Campus & Community

Student Hopes Anne Frank Exhibit Will Leave a Lasting Impact

Daniel Yassa ’24 was integral in bringing the exhibit to campus

During a visit to the Anne Frank Exhibit while interning as a software development engineer at BMW in South Carolina over the summer, Stevens Institute of Technology computer engineering major Daniel Yassa ’24 made an immediate connection.

“I’m not a huge museum or tour guy, so I wasn’t expecting much, but the way this tour was presented was so interesting and engaging, and I learned so much. Of course I knew who Anne Frank was, but I’d forgotten so much about her story,” Yassa says. “After the tour ended, I thought it’d be great to bring to Stevens’ campus. I knew that educating students on causes like this, particularly through this exhibit, would make an impact.”

Only a few months later, with the help of Yassa’s fraternity, Phi Sigma Kappa, and Stevens’ Director of Student Culture and Belonging Liliana Delman, the Anne Frank Exhibit opened at the S.C. Williams Library, where it will remain through Sept. 15.

Yassa sees his dedication to bringing the exhibit to campus as a way to give back to Stevens.

“I was always set on majoring in engineering, but I also wanted to go to a school that offered varsity swimming,” he says. “I wanted balance in life, and Stevens was a perfect match. The renowned engineering program and location near the city open a lot of doors and offer so many opportunities. I’ve been able to take advantage of a lot by having Stevens on my résumé.”

Daniel Yassa '24 at his internships at BMWDaniel Yassa '24 this summer during his internship with BMW. Those opportunities include his recent internship at BMW — which has already invited him to return next summer — and previous internships at Veolia North America and Mercedes Benz of Morristown. And, of course, his involvement in campus life.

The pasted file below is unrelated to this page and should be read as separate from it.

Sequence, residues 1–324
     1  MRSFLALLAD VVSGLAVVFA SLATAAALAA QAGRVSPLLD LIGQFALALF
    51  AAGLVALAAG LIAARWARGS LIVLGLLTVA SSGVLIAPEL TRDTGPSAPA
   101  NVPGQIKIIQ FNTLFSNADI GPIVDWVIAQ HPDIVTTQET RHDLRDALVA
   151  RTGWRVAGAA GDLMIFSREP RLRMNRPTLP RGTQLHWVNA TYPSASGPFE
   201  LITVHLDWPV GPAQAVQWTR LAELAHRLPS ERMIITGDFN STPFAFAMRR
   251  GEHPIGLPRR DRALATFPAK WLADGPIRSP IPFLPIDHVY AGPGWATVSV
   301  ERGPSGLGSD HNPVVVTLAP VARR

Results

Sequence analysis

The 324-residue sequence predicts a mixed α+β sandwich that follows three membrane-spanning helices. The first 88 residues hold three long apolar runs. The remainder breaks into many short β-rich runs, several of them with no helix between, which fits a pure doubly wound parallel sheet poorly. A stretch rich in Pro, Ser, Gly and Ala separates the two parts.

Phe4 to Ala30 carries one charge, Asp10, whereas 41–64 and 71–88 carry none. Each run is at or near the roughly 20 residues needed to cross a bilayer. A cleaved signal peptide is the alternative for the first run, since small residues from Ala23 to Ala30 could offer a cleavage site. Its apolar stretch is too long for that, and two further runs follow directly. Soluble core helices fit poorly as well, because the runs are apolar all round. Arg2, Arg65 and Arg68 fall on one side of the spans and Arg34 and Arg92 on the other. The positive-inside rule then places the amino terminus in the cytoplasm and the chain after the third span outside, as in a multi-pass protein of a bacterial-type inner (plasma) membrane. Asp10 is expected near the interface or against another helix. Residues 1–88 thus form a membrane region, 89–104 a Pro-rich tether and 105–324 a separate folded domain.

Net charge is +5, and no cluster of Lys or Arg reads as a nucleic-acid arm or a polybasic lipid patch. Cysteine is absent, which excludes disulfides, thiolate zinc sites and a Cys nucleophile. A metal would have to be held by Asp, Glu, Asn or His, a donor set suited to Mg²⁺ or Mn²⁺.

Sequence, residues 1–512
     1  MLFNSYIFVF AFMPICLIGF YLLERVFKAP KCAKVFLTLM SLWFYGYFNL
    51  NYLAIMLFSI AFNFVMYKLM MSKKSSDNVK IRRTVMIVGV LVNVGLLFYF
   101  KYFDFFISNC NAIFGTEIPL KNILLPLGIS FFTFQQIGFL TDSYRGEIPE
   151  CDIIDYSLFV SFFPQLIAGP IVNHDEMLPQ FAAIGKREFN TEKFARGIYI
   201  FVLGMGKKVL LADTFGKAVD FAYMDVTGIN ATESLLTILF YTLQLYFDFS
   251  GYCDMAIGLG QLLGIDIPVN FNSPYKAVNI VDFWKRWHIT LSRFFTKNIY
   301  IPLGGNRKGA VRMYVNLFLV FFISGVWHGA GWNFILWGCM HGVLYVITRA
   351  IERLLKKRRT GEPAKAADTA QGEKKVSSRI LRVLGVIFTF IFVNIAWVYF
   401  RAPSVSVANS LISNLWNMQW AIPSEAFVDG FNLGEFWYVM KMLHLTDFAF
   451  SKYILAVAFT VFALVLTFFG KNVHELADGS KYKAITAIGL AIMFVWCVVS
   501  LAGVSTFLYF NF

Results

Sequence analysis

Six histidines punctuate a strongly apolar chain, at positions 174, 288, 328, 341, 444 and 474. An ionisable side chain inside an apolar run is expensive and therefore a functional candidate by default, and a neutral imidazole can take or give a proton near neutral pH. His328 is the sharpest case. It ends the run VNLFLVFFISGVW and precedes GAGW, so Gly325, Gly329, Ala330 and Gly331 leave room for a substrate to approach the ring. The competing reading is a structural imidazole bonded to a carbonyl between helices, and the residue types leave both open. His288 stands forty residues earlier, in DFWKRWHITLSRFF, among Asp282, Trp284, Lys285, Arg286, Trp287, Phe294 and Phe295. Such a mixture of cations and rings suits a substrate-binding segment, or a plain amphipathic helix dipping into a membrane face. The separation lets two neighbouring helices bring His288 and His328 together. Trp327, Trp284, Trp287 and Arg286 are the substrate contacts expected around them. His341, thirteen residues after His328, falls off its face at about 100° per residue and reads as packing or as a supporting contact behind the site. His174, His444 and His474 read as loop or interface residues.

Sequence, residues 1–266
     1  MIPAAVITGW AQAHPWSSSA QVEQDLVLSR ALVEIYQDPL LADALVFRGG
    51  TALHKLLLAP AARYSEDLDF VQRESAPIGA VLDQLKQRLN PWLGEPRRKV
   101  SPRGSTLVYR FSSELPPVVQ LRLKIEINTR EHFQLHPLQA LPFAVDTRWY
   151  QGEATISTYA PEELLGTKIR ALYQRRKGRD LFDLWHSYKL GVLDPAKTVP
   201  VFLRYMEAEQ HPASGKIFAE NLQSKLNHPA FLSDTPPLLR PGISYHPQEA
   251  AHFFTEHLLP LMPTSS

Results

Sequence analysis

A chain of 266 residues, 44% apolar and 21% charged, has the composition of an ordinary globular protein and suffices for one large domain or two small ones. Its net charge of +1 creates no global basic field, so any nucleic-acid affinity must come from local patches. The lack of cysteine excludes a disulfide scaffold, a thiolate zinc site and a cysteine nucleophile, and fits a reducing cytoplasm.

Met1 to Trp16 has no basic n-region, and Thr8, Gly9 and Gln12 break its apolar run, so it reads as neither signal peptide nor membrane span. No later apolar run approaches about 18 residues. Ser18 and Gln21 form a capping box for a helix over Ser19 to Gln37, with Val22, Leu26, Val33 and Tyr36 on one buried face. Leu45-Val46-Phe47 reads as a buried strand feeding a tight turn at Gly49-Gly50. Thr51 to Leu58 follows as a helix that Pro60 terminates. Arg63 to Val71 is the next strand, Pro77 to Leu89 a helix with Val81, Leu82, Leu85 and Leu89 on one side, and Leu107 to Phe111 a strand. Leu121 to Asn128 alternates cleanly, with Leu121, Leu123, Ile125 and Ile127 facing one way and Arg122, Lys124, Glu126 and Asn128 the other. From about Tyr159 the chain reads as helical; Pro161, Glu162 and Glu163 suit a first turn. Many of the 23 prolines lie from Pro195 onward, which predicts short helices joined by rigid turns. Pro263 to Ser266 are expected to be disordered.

“Participating in athletics, my fraternity and the Society of Automotive Engineers has allowed me to see how events run and to learn about communication, outreach and, importantly, the importance of paying attention to not only what interests me but also what interests other people.”

And that includes the Anne Frank Exhibit, which Yassa immediately thought would resonate with his fraternity brothers and the student body at large, while also serving an important purpose.

“Antisemitism still exists, even if it’s in the form of a joke or something, and we want to respond to that with a more serious and interactive approach to educate people and make them aware of the experiences people went through during the Holocaust,” he says. “When I first took the tour and saw pictures of the events and the history, I was struck in a way that was emotionally impactful, and I see a similar reaction in those who are visiting now. We’re raising awareness, and it’s something we can be proud of.”

Sponsored by Phi Sigma Kappa, Stevens Hillel, Fraternity and Sorority Life and the Office of Student Culture and Belonging, the Anne Frank Exhibit is on display at the Williams Library during library hours from now to Sept. 15. Check here for a schedule of guided tours, which are given by Stevens students who have received training from the Anne Frank Center. Tours are free and reservations are not required.

To learn more about the Anne Frank Center, click here.